Bottom line: Yes, a satellite communicator or PLB of some kind is a great idea for your safety while day-hiking through the Enchantment Lakes, because there is virtually no cell service there.
You should expect to lose cell phone connection on your way out Icicle Road as you approach the Snow Lakes trailhead, and not find any connectivity again until you are headed back to Leavenworth at the end of your day hike through the Enchantments.
Except for a few lucky spots for certain mobile carriers, there will be no cell coverage in the Enchantments anywhere along the trail. Considering that fact, there is practically zero chance of getting cell reception at the place where you become injured.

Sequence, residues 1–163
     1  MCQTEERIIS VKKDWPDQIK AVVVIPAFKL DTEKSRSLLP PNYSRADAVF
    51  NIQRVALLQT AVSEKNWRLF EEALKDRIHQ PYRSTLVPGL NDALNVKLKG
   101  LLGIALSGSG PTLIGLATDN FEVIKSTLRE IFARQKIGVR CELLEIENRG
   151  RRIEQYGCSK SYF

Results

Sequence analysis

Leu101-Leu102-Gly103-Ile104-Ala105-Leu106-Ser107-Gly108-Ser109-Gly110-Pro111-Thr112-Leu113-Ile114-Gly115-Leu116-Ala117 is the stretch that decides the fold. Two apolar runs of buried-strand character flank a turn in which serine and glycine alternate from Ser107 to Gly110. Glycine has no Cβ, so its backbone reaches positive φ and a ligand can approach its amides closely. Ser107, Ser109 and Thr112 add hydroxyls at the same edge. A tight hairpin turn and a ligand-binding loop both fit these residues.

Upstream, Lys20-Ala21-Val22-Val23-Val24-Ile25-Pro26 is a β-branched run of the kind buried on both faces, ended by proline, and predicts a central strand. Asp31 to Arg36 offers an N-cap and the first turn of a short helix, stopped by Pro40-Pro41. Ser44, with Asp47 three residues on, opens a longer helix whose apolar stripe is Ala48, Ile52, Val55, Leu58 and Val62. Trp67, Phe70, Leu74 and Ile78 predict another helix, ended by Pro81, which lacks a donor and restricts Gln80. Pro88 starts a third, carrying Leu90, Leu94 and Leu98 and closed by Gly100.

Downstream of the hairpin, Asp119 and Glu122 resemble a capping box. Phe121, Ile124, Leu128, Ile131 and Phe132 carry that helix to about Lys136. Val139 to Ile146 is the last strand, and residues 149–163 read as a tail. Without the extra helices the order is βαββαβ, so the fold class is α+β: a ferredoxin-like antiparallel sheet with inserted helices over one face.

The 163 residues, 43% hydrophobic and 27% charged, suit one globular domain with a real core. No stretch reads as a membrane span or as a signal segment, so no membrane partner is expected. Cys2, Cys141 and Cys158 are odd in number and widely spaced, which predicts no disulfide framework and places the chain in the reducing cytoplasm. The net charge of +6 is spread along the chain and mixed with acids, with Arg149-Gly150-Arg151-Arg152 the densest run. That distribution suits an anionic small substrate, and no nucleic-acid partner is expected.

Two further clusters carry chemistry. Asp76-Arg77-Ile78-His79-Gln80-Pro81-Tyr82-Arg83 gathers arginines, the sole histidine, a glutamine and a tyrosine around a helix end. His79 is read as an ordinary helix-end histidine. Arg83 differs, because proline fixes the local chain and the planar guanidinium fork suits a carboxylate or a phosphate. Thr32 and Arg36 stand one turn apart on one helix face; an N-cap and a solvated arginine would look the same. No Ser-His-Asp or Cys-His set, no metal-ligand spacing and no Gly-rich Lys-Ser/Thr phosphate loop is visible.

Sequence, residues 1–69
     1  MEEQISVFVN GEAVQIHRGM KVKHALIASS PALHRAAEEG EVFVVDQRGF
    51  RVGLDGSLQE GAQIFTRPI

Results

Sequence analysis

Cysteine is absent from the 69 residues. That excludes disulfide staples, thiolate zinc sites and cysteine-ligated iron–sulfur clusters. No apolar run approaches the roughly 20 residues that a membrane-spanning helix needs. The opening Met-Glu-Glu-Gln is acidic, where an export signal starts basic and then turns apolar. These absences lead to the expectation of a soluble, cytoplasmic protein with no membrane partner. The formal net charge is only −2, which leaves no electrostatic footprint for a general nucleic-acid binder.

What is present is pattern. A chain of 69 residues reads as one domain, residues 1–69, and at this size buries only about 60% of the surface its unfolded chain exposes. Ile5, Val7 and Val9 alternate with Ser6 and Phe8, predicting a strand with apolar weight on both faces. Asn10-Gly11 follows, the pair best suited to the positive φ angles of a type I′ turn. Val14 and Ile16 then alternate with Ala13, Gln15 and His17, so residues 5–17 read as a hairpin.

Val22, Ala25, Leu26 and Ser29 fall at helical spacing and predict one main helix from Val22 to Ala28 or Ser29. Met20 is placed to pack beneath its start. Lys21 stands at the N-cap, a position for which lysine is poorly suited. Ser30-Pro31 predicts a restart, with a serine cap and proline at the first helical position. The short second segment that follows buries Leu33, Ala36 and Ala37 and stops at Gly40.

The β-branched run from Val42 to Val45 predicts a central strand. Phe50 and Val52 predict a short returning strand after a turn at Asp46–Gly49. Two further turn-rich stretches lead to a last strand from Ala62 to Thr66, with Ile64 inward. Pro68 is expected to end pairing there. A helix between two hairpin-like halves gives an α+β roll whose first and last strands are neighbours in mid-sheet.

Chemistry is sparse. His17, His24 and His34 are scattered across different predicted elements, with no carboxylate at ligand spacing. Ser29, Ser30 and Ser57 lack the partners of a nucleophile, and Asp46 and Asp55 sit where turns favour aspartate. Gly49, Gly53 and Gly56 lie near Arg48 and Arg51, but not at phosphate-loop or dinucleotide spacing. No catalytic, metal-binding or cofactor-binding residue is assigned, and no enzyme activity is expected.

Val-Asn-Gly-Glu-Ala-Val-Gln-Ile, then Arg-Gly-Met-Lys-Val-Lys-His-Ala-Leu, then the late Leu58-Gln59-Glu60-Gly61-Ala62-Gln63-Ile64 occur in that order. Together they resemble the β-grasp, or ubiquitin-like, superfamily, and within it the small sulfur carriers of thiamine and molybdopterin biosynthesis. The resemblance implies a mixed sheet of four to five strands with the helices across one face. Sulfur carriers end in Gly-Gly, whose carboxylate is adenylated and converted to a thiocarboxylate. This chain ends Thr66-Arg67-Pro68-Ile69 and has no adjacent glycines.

That means, to be safe and self-reliant, you would need to have a satellite communicator, personal locator beacon (PLB) or other means of calling for help.
The Garmin InReach and Spot devices are the most popular. There also are several alternatives to the InReach. Look through the options and consider device cost, sign up fees, and monthly or annual plan costs.
Also take some time to research how these devices work when you press the SOS button — so you’ll know what to do and what to expect in case of a real emergency.
And “real emergency” is the key phrase here, as in, life threatening. (Do not test the SOS button!) The SOS button will trigger a resource-intensive and possibly risky rescue effort on your behalf. SAR volunteers, Sheriff’s Departments and even the military are called out for SOS’s. Don’t use the big red button just because you’re exhausted or it’s getting dark. Poor planning, by itself, isn’t an emergency.
Generally speaking, mountain rescues take several hours to overnight. Be prepared.
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